Organizing a Community-wide Cleanup

By New England Aquarium on Thursday, May 27, 2021

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Perhaps you have been wandering around a beach or a park in your community and realized that there is a noticeable amount of garbage ruining the natural beauty of the area. Did you stop and wonder how to fix this? Beach or community cleanups all start with the action of a single individual who is capable of more impact than one may even realize. Roughly 80% of marine debris comes from land-based sources such as sewage runoff or industrial waste. You might be saying, “I don’t live near the ocean. How can I help with this issue?” Well the tips we are going to share can apply to helping clean up other waterways such as rivers, lakes, or even land-based areas like your neighborhood or a park!

First things first, before you go to the site that you have designated, determine if you or your group can safely access the area. You should familiarize yourself with the local guidelines, which ensure that you will have unrestricted access to the area when you plan to go and clean. Some areas might have set times when you can access them or may only be altered by certain personnel.

Before the Cleanup

Recruit help if you can: ask friends, coworkers, family, and mentors if they want to join in and help. Even better, you can go one step further and create an event on social media if you are trying to maximize the amount of people involved. This also gives you an easy place to coordinate the event.

Next you are going to want to get the supplies needed to safely clean the areas including, but not limited to:

  • Reusable work/garden gloves
  • Reusable trash bags
  • Hand sanitizer
  • First aid kit
  • Sun screen and bug spray
  • Snacks
  • Claw-like or grasping tool to handle certain debris
  • A sifter for things such as microplastics or other unseen objects
  • Tarp to place all the trash to be sorted and separated into recyclables and trash

Plan ahead for how you want to handle the recyclables, whether it be contacting recyclers in your area (like the community’s solid waste department) to see if they can make arrangements to accept the collected glass, plastics, and aluminum. You can also bring the recyclables home to be recycled with your recyclables.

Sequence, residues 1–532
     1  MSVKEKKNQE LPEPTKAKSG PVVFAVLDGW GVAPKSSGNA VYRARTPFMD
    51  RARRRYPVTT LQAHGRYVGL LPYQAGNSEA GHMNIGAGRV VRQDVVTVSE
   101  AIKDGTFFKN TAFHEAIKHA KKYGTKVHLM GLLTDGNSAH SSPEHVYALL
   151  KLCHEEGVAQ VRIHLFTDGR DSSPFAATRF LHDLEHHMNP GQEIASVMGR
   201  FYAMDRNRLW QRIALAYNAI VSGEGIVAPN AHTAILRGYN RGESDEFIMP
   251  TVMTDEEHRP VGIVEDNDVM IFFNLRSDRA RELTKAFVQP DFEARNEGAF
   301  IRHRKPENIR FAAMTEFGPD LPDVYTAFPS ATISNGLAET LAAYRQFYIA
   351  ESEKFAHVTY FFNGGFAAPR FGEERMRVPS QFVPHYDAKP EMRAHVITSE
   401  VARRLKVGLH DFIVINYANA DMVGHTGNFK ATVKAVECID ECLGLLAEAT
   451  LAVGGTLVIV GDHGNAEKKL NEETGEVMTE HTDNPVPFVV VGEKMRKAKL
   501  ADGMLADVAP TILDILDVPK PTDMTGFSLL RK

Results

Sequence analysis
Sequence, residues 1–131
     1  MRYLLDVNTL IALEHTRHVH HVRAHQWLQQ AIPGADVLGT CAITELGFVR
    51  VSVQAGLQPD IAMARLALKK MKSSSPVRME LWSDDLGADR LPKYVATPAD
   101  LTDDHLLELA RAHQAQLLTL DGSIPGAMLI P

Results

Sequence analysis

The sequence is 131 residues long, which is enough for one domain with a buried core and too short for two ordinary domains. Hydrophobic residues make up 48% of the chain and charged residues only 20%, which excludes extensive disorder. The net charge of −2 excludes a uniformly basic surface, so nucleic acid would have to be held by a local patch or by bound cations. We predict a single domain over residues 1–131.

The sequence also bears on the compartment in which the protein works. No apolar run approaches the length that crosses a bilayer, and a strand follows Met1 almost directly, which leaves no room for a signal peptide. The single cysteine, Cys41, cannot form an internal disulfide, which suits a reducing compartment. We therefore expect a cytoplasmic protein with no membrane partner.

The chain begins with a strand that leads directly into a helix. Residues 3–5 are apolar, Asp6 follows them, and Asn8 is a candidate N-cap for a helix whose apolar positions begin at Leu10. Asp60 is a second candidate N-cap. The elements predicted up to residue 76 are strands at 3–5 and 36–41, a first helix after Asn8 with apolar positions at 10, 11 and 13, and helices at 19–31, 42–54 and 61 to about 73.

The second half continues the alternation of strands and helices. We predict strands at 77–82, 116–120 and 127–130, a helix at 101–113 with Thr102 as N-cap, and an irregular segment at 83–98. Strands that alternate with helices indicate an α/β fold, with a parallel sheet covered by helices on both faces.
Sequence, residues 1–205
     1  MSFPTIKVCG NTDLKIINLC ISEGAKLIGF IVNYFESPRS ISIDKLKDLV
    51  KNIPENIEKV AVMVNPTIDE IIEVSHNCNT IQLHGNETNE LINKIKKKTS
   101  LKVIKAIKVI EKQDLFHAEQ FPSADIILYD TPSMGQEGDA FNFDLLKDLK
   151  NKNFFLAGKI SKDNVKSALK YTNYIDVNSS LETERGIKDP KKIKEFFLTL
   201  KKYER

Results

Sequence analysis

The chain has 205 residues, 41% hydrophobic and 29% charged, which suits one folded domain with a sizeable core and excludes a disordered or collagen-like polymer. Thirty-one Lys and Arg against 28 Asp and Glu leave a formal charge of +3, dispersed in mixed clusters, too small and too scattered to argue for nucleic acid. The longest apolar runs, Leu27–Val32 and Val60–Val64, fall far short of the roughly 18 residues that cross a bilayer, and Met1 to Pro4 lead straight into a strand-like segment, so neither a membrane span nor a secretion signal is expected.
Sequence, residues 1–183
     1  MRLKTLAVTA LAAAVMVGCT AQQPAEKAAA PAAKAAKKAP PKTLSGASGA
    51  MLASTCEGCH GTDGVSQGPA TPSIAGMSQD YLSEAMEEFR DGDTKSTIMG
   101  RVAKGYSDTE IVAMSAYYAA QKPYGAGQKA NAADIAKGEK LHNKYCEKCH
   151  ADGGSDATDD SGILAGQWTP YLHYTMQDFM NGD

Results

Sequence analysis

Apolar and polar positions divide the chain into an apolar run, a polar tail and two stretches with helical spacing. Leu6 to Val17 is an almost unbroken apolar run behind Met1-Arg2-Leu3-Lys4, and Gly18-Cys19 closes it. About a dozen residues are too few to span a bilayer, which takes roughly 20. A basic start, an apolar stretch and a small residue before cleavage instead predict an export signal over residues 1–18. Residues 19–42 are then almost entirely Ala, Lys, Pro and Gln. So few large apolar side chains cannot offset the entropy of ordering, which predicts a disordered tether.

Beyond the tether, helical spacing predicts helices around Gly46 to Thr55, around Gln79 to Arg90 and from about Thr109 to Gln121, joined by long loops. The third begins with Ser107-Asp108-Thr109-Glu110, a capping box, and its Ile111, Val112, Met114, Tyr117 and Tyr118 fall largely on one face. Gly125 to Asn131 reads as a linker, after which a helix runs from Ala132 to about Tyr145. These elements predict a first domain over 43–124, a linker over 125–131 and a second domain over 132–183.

Day of the Cleanup

  • Set a time and place for everyone to meet if you are working with a group.
  • Wear thick gloves to help prevent any potential injuries from the objects you will be handling.
  • Pick up anything that doesn’t belong or isn’t natural to the area.
  • Be prepared for the heat: wear sunscreen, a hat, and bring plenty of water to keep yourself and your team hydrated!
  • In the event you find any wildlife that is entangled or in danger call a lifeguard, park ranger, or any local wildlife service to assist.
  • Only handle things you feel comfortable picking up. If you see any potentially hazardous waste contact the authority of that area who is better equipped to handle such waste.
  • Be safe and prepared to handle any medical emergencies big or small.
  • Take pictures before and afterwards to see the difference you’ve made. This can inspire others in the community to join in next time or even start their own cleanup efforts! Have fun with it, play music or set goals for the day to incite a friendly competition!

After the Cleanup

  • Bring all that has been collected to the tarp you’ve laid out or area you’ve designated to separate everything gathered by material (plastics, metals, paper, aluminum etc.).
  • Bag items accordingly to be easily disposed of properly.
  • Do one last run through the area to make sure you aren’t leaving anything behind.
  • Dispose of plastics and trash at the location you predetermined before starting the cleanup.
  • Give thanks to those who have helped you and admire the hard work you have all put in to make a difference!

Whether you are working alone or with a group, what you’ve accomplished makes a difference and can pave the way for future waste reducing efforts!



Transforming Science Into Action

Scientists at our Anderson Cabot Center for Ocean Life are working to combat the unprecedented impacts on the ocean from climate change and other human activities.